The subprime segment is limping out of a three-year shakeout.
Subprime once looked like easy money. Since their customers have little choice, subprime lenders can charge interest rates two or three times as high as 'prime' lenders - 20 percent interest, or even higher.
Those high returns attracted a flood of investors and new lenders in the early- to mid-1990s. To gain market share, lenders approved riskier and riskier loans.
Those chickens came home to roost in 1997, when many subprime companies suffered losses. For the segment, delinquencies and repossessions were higher than expected. Meanwhile, used-car prices also fell, which made collateral worth less than expected. Wall Street, which had been applauding, turned thumbs-down on the segment.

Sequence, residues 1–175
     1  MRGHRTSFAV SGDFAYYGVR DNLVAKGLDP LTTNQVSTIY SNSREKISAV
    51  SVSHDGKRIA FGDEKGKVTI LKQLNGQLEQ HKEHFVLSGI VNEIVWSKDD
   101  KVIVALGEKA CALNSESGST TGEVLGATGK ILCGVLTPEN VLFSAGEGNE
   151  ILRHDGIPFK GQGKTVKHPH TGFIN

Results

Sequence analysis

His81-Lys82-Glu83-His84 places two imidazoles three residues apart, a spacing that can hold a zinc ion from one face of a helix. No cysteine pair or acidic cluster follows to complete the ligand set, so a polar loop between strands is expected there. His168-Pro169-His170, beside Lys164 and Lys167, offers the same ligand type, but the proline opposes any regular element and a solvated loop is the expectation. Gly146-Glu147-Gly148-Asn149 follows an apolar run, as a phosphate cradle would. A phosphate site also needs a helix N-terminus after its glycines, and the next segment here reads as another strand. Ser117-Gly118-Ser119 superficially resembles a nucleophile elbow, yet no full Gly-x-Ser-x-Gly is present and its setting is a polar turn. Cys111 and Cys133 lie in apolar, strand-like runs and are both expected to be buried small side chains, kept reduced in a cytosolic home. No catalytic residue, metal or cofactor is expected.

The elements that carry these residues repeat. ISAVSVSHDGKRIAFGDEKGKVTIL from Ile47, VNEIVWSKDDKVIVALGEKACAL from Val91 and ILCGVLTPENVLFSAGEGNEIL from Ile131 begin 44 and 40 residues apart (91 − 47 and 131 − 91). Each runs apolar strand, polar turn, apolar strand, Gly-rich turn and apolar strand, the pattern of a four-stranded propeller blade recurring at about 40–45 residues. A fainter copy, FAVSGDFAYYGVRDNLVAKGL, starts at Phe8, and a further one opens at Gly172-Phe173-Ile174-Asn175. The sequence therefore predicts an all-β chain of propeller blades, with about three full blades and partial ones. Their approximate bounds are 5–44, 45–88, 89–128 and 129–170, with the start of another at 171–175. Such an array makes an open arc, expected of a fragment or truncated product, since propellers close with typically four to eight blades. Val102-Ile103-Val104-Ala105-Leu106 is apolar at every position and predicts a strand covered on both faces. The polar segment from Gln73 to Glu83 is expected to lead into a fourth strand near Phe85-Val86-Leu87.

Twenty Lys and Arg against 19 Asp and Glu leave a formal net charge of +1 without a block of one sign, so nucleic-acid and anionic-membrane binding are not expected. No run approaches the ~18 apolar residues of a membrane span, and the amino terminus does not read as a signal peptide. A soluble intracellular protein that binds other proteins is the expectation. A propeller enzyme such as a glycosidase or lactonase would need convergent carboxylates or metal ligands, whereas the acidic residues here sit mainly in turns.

Several bankruptcies and a wave of mergers began, and the trend has continued.